For the first time, an international group of researchers measured cancer survival rates in one city in Sub-Saharan Africa. Survival is disturbingly low, as shown by a study in Harare, Zimbabwe.
The study, published in the International Journal of Cancer, found that cancer patients in Harare are not likely to survive five years after diagnosis. Researchers followed a few thousand people who had been diagnosed with the 15 most common types of cancer, including skin, liver, cervical, and lung cancer.
Survival rates vary among those types, but even in the best case, a patient's chance of being alive after five years is only about 50 percent. The study also shows that black Zimbabweans have even lower survival rates than white Zimbaweans.
Study author Max Parkin of the International Agency for Research on Cancer in France, says this is one of the first studies of cancer survival in Africa. His group has just completed research in Uganda and the Gambia as well, showing similar results to the Zimbabwe cancer study.
Although the types of cancer are different from those in the United States and Europe, Dr. Parkin says cancer is no less a problem in Africa. For example, Zimbabweans have fewer cases of the kinds of cancer that are partly caused by eating fatty foods. At the same time, cervical cancer is more common in Zimbabwe than in the United States, where women are treated before the cancer can develop. A certain kind of skin cancer that accompanies AIDS, called Kaposi sarcoma, is also more widespread.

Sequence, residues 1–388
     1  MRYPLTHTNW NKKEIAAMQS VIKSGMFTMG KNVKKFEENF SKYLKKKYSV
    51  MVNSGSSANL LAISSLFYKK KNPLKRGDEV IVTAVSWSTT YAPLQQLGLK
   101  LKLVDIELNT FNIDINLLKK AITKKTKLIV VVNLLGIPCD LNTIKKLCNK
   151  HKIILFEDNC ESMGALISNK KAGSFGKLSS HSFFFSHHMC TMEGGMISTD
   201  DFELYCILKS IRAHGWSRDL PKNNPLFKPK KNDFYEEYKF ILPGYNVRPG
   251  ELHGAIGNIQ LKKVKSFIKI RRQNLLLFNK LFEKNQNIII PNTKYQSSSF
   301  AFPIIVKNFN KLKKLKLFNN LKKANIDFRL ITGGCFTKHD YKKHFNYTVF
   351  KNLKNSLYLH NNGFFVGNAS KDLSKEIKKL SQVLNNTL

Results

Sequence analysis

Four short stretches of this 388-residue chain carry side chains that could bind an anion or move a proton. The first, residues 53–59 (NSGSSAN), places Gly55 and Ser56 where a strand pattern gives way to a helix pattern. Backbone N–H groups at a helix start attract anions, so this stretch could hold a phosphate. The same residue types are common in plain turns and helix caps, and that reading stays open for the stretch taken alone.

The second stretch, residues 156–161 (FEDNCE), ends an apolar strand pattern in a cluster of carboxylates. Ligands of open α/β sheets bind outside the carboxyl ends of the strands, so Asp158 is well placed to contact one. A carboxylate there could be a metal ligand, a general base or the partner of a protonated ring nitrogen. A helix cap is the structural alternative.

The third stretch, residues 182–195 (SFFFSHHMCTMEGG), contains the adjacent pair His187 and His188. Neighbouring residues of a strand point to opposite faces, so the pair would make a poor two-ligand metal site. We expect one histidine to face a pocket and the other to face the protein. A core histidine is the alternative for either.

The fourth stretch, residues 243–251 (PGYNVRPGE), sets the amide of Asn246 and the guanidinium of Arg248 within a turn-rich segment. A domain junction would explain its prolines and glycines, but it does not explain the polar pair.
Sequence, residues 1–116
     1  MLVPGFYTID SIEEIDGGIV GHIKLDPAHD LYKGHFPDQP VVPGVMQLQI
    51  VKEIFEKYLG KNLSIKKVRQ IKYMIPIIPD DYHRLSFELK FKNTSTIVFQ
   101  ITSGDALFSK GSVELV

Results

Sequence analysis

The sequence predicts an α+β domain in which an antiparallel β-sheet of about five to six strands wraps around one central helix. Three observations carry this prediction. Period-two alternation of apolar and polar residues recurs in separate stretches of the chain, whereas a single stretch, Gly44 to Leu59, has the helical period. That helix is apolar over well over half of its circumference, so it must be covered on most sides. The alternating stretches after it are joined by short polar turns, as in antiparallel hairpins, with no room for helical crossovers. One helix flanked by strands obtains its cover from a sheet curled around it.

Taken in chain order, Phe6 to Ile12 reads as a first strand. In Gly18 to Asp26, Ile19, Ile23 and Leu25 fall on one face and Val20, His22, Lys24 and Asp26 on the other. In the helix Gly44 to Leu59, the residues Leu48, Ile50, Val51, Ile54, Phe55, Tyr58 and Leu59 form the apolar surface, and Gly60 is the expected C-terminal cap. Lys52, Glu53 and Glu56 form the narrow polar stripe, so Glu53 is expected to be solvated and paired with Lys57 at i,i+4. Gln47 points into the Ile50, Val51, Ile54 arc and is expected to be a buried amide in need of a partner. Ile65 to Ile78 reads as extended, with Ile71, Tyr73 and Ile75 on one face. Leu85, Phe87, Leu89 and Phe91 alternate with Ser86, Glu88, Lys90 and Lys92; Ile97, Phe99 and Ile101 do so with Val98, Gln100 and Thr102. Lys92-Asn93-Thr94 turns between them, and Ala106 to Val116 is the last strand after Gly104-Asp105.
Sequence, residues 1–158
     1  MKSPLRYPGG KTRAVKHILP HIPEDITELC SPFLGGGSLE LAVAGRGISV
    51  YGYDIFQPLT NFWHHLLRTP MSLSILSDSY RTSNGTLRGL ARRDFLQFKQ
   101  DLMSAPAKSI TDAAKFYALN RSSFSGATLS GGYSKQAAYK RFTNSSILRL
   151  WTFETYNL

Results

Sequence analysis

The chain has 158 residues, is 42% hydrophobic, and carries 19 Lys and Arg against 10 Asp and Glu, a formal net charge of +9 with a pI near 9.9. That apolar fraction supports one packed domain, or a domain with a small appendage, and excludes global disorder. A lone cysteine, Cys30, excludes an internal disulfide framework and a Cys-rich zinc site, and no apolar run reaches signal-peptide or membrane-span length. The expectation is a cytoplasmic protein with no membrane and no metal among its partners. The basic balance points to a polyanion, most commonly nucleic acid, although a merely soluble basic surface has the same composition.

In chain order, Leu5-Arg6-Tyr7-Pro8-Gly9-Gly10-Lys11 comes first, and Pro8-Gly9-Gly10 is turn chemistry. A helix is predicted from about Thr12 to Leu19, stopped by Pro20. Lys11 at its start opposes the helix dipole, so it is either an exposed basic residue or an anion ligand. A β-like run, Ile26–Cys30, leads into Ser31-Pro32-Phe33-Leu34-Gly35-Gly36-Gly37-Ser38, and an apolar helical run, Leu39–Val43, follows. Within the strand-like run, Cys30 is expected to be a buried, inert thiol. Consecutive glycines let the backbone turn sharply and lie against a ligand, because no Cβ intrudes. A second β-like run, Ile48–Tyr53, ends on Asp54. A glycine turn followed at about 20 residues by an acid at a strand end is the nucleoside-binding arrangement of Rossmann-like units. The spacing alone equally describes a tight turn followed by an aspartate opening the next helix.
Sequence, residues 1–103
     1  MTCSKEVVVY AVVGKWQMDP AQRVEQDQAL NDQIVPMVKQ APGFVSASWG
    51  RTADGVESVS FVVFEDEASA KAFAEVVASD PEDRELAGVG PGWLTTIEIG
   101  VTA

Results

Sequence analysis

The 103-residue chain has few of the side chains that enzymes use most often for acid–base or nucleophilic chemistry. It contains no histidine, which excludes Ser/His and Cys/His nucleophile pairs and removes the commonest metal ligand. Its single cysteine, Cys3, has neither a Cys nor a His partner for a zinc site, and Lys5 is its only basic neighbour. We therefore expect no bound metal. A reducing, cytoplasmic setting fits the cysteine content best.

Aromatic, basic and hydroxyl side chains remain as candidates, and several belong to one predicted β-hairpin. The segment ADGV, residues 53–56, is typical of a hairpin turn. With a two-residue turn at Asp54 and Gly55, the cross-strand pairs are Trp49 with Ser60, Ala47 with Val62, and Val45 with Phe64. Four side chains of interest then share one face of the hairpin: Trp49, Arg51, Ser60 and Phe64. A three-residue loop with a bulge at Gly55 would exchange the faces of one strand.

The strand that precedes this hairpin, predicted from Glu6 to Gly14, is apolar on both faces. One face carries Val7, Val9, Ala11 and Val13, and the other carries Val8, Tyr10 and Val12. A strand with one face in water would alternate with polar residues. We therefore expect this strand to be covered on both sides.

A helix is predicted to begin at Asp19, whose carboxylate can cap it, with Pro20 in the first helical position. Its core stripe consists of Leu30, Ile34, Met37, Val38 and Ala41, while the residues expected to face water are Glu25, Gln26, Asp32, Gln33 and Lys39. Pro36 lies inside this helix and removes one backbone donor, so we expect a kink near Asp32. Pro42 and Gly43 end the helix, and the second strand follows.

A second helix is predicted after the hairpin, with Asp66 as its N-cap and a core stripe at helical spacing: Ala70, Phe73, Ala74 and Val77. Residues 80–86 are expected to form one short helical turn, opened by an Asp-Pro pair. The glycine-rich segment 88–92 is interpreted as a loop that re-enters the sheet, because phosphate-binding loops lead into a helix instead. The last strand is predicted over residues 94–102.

"So it's not a particularly rare disease; the types of cancer are different," Dr. Parkin said. "It's a neglected problem because there are a lot of other pressing health problems that are there and require urgent attention; AIDS in particular at the moment, maternal and child health, infectious diseases so that cancer sort of tends to get forgotten."
Dr. Parkin suggests a number of possible reasons for low cancer survival rates in Harare and the difference between black and white Zimbabweans. He does not think race itself is an issue, except as it relates to social class. He adds that wealthier people often have better access to cancer treatment, especially in countries where it is not widely available. He also says people do not seek treatment for cancer early enough.
"There's this problem of knowledge about cancer," Dr. Parkin said. "People are quite unaware of the disease so they come at a stage when it's completely untreatable. So probably a lot more can be done about that awareness of the public, trying to persuade people that if you feel something you should go and seek treatment. And then try to make treatment available for those early cases."
Dr. Parkin adds that the AIDS epidemic may also affect cancer survival, because cancer patients who also have AIDS are abnormally weak.